Winemaking is the art of transforming grapes into the nectar you love.
White, rosé and red wines require specific techniques to create unique aromas. Let’s discover the different skills involved.
If you’re curious, we can even tell you about sweet or sparkling wines in a future article.
Don’t hesitate to let us know in a comment !
Learn everything you need to know about making white, rosé and red wine!
White Wine Vinification
It all starts with the harvest of white grapes. At Jau, we cultivate 5 grape varieties: grenache blanc, grenache gris, vermentino, macabeu and chardonnay. Red grapes with white pulp can also be used, but this is rarer in our region. Here are the key stages in making white wine:
The grapes are carefully harvested by hand to avoid damaging the berries. Harvest takes place early in the morning to preserve the freshness of the grapes and the integrity of the aromas.
The grapes are pressed to extract their juice. Then, the juice is separated from the skins and seeds to obtain a clear must.
The must is transferred to a temperature-controlled stainless steel tank, where the yeasts transform the sugars into alcohol and carbon dioxide. We control the fermentation temperature, in order to preserve the delicate aromas.
After fermentation, the white wine may be matured in stainless steel vats or oak barrels (like our famous Jaujau 1er) to develop its aromatic complexity. Some white wines undergo malolactic fermentation to reduce their acidity.
Once the aging process is done, the wine is bottled and generally drunk young to preserve its freshness. This is particularly true for our dear Cuvée J.
Now it’s time to taste!
Rosé Wine Vinification
Rosé can range in color from pale pink petal to salmon, but today the trend is towards light rosés! These wines are renowned for their lightness and fruity character. The perfect summer wine!
Rosé can be made in 2 differents techniques: direct pressing or “de saignée”. At Jau, we use the first technique.
The grapes used for rosé wine can be red or “grey”. Contact between the skins and the juice is limited to prevent too much color extraction.
As with white wine, the grapes are pressed directly after the harvest to obtain the clearest must that’s possible. The length of time the skins macerate with the juice determines the final color of the rosé.
The must is then placed in stainless steel vats and fermentation begins.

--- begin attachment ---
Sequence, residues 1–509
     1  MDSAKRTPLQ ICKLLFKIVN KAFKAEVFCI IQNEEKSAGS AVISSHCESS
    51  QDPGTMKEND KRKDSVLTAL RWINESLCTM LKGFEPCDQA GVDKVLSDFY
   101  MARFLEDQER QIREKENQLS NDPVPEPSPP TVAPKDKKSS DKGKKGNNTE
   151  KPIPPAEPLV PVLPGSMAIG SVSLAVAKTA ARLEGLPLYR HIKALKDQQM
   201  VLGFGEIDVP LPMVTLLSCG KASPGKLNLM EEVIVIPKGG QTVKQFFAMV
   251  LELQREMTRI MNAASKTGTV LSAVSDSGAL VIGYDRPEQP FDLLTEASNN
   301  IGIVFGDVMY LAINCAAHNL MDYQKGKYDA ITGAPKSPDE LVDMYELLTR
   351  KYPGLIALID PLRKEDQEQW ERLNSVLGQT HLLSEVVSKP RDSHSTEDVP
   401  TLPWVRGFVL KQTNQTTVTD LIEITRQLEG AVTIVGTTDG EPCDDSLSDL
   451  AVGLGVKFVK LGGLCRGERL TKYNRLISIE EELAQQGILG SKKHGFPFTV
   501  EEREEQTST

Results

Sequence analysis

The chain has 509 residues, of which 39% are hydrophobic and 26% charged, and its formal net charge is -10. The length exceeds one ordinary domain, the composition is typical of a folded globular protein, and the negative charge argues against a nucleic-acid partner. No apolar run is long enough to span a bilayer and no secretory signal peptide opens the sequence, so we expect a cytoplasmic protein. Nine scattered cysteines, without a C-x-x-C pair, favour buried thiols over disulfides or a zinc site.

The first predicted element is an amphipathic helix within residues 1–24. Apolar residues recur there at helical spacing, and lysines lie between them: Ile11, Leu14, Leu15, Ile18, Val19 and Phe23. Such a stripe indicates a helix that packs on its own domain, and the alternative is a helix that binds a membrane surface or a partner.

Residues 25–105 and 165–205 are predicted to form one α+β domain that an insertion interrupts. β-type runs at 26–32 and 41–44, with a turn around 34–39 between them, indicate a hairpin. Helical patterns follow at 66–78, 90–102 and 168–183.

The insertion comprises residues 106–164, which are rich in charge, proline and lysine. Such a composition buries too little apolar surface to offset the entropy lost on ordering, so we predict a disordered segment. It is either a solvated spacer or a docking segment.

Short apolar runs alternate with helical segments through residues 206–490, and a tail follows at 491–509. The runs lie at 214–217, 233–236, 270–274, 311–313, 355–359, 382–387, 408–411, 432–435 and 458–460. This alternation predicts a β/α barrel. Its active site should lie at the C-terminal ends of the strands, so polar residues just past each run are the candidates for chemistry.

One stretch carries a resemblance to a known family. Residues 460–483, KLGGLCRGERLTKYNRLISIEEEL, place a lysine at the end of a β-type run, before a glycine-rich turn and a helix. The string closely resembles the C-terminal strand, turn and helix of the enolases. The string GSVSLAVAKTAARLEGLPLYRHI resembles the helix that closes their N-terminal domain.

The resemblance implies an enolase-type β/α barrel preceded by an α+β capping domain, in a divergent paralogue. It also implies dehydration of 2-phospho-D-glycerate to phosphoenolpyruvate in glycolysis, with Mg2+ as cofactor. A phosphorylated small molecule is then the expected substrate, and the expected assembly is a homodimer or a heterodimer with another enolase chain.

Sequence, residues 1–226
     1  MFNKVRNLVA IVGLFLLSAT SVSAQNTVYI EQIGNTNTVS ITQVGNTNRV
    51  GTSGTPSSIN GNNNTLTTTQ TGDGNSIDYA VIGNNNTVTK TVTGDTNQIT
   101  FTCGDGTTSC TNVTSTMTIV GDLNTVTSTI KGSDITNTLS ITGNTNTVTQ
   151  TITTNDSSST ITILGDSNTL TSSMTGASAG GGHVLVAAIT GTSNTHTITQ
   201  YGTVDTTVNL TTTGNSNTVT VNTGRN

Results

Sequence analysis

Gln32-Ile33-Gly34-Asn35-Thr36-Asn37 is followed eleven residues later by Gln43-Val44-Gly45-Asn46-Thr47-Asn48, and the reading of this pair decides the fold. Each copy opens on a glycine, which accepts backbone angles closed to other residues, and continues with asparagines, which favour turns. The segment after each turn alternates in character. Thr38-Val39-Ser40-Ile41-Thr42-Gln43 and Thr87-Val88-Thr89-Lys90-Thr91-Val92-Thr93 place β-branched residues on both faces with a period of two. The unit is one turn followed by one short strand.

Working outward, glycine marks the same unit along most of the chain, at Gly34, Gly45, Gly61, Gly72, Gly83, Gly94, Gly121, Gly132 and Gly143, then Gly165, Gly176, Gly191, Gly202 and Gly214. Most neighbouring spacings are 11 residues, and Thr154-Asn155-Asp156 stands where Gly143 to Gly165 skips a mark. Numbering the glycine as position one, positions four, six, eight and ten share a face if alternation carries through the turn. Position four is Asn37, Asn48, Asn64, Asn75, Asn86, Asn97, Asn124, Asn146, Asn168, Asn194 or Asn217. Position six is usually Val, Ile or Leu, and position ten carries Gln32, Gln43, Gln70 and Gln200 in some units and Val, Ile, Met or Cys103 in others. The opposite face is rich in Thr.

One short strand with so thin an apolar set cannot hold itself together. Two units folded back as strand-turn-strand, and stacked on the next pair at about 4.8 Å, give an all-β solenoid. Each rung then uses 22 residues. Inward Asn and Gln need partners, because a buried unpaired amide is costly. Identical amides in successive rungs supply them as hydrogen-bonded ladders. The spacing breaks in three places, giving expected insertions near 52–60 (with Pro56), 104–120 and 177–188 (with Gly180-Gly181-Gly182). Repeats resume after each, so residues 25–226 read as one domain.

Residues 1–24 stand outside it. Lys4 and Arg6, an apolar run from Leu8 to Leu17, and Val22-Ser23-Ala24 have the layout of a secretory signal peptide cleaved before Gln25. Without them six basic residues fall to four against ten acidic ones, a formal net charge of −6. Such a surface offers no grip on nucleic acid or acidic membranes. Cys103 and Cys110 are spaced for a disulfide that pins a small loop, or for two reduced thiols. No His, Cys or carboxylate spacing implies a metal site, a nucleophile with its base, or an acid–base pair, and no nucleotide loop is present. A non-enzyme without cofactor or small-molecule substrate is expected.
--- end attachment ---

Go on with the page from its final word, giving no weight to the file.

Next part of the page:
We mature our rosés exclusively in stainless steel to preserve freshness and tension.
Rosé wines are meant to be drunk quickly, to take advantage of their liveliness and fruity young aromas, so they are bottled quickly (in December). So that you can enjoy them as soon as the fine weather arrives !
Red Wine Vinification
The date for the grape harvest (whether it’s white or black) is determined by maturity tests carried out beforehand, directly in the vineyard, by our oenologist Hervé and Franck, our vineyard manager. We aim for optimum ripeness to guarantee aromas that are typical of the Roussillon region and an alcohol content that preserves the balance of the wine. Once the date has been set, the grapes can be harvested.
The grapes are destemmed to separate the berries from the stalks. Indeed, the stalks can give the wine herbaceous notes, which we want to avoid. The grapes are then crushed to burst the berries and release the juice. The must ferments with the skins and seeds to extract the pigments and tannins that give the wine its color and structure. As a result, the long maceration required for extraction means a longer fermentation period than for white and rosé wines.
After this process, our wines are matured in stainless steel vats or french oak barrels, depending on the profile we are looking for.
For example, our Jaujau 1er is the only one to be aged in oak barrels. This lasts 12 months and refines the tannins, adds complexity to the aromas (for example, developing notes of vanilla, roasted aromas or toasted bread) and gives the cuvée potential for aging.
Once the wine has reached its desired maturity in vat or barrel, it is bottled. Then, they can continue to evolve by aging in a fresh and dry cellar, far away from the natural light.
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